What Does the Blue Ocean Strategy Have to Do with Public Policy?

All of the above is great for companies, but how can the Blue Ocean Strategy help public agencies? In the Epilogue to Kim and Mauborgne’s latest book, Blue Ocean Shift (2017), the authors describe how Malaysia created a nonprofit research institute to create blue ocean policy initiatives. First established in 2008, the Malaysia Blue Ocean Strategy Institute has hosted government summits for Malaysian public officials and selected private sector leaders. The purpose of the summits is to create economic and social blue ocean initiatives.

Kim and Mauborgne write that the blue ocean strategies and tools help government agencies successfully execute national strategies. The authors explain blue ocean thinking helps break down government silos, reduces governmental agency turf wars and encourages agencies to share information and resources to achieve blue ocean innovations. Blue ocean thinking also encourages innovative policymaking that would be hard to produce by conventional policy analysis methods.

One example of an innovative policy is Malaysia’s Community Rehabilitation Program (CRP). The CRP was created to rehabilitate petty criminals. Before the CRP, the traditional government policy was to incarcerate prisoners in large prisons while severely limiting contact between the prisoners and their families. CRP housed prisoners in spare space on military facilities and allowed for extensive contact between the prisoners and their families. Recidivism has decreased while CRP centers are 85 percent cheaper to build and 58 percent cheaper to run. The Malaysian government estimates that CRP will save taxpayers $1 billion (US dollars) in its first ten years.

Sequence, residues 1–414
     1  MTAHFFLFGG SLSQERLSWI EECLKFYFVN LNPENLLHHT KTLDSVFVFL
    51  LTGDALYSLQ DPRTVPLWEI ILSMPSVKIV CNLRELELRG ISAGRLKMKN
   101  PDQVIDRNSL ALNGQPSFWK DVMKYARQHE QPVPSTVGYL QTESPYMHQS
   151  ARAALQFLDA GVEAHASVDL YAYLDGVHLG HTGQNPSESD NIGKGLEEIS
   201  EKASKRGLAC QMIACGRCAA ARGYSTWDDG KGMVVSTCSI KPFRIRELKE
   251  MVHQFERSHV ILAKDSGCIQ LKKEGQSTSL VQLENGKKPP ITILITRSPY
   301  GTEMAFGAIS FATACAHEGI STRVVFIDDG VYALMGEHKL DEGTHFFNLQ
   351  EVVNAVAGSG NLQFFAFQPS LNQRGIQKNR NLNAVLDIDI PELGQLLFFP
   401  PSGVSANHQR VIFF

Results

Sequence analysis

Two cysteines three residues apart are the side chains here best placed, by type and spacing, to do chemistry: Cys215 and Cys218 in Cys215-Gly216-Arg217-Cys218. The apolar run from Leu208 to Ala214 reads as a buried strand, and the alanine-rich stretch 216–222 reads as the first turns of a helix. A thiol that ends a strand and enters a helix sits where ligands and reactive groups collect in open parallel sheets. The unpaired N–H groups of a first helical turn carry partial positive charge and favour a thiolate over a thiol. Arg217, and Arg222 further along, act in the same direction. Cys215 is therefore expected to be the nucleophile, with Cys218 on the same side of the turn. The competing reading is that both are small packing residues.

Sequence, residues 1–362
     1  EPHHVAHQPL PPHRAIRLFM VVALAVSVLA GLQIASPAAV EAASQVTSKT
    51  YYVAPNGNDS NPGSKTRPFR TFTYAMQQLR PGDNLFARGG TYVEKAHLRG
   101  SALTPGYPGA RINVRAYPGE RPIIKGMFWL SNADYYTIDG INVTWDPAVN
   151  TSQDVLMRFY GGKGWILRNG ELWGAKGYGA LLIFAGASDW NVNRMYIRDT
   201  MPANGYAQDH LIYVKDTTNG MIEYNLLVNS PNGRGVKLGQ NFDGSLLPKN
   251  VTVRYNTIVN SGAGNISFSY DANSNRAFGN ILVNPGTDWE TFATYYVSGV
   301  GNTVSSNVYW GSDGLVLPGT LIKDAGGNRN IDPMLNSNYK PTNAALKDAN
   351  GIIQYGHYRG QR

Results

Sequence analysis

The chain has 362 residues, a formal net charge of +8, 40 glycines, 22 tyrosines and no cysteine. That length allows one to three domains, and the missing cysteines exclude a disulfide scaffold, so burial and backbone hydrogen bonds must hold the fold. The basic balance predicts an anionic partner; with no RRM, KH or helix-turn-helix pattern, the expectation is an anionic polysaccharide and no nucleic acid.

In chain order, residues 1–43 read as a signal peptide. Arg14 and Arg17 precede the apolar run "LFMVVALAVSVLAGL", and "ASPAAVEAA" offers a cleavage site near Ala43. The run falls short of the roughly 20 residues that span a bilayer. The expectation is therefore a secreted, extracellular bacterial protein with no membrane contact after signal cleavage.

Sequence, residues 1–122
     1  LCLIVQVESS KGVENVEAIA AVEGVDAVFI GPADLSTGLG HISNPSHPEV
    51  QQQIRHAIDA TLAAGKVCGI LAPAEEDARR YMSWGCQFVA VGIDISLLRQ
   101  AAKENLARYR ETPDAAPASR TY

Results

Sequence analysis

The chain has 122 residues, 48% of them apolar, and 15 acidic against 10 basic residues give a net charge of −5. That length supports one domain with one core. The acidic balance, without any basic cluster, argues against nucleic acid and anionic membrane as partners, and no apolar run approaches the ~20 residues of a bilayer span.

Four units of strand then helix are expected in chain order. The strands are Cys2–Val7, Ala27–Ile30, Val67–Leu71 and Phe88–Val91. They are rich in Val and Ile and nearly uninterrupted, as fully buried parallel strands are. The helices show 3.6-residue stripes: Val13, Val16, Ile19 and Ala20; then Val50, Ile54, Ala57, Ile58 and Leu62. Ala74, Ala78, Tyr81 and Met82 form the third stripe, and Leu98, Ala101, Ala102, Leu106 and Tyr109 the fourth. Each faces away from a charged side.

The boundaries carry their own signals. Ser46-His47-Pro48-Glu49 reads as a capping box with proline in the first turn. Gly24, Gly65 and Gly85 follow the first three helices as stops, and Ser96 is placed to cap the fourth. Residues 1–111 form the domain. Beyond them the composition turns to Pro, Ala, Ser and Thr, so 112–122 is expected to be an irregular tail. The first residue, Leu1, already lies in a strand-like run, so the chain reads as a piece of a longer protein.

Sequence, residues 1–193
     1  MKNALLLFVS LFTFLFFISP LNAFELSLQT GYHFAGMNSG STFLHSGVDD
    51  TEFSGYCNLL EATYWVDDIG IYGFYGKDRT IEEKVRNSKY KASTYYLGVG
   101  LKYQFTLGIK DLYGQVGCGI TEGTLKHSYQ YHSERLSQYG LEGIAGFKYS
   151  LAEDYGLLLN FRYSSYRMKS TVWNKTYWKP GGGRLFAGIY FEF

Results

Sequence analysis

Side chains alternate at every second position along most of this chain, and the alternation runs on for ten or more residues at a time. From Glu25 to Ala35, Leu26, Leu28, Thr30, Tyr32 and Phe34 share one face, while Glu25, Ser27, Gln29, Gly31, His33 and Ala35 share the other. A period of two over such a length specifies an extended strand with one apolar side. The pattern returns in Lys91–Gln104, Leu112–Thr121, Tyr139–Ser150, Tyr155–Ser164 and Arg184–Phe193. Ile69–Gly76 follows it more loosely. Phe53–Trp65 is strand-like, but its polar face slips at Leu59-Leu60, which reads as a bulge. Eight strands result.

Blue Ocean Policy Analysis and Making

The lessons from Malaysia’s experiments with blue ocean thinking demonstrates the great value of Kim and Mauborgne’s ideas. What I especially like are the two tools: The Buyer Utility Map and the Four Factor Model. Think of the citizen journey and which factors matter most to citizens. Thinking blue ocean helps to create innovative policy ideas that go beyond the tired red ocean government policies.


Author: Bill Brantley teaches at the University of Maryland (College Park) and the University of Louisville. He also works as a Federal employee for the U.S. Patent and Trademark Office. All opinions are his own and do not reflect the opinions of his employers. You can reach him at http://billbrantley.com.

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The American Society for Public Administration is the largest and most prominent professional association for public administration. It is dedicated to advancing the art, science, teaching and practice of public and non-profit administration.